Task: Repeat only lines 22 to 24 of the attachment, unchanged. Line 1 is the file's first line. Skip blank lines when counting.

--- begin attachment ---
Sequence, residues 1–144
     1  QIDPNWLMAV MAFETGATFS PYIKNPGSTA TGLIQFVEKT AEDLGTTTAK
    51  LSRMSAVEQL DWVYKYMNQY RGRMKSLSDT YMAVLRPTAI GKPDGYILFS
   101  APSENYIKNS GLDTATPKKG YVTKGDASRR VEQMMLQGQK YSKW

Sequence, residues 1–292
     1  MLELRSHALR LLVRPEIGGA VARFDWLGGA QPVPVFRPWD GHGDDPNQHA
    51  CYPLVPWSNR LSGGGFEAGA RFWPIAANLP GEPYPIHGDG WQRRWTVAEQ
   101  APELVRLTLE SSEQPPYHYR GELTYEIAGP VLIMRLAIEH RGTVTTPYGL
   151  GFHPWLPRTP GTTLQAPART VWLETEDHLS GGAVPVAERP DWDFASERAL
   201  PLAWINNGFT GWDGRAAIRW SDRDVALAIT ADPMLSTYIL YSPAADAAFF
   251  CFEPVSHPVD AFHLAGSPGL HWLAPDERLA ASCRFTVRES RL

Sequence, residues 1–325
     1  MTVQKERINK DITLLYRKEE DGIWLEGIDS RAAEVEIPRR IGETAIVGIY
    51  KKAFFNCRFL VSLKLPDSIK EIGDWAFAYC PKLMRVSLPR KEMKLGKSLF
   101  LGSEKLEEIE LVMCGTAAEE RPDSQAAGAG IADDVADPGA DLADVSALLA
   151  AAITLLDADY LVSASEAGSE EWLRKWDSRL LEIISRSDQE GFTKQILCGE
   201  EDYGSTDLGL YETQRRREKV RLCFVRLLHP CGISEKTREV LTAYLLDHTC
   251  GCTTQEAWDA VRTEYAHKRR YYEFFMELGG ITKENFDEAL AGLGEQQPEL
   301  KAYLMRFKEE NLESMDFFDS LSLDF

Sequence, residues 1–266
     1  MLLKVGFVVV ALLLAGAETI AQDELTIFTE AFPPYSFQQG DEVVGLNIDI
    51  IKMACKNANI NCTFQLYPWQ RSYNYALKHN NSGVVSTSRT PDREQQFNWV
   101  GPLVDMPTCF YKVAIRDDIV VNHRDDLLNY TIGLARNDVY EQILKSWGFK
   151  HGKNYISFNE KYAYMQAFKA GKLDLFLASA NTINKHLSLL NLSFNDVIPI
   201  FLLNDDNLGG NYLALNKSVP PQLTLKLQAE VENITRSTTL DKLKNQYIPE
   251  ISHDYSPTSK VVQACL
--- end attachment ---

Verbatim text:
    51  IKMACKNANI NCTFQLYPWQ RSYNYALKHN NSGVVSTSRT PDREQQFNWV
   101  GPLVDMPTCF YKVAIRDDIV VNHRDDLLNY TIGLARNDVY EQILKSWGFK
   151  HGKNYISFNE KYAYMQAFKA GKLDLFLASA NTINKHLSLL NLSFNDVIPI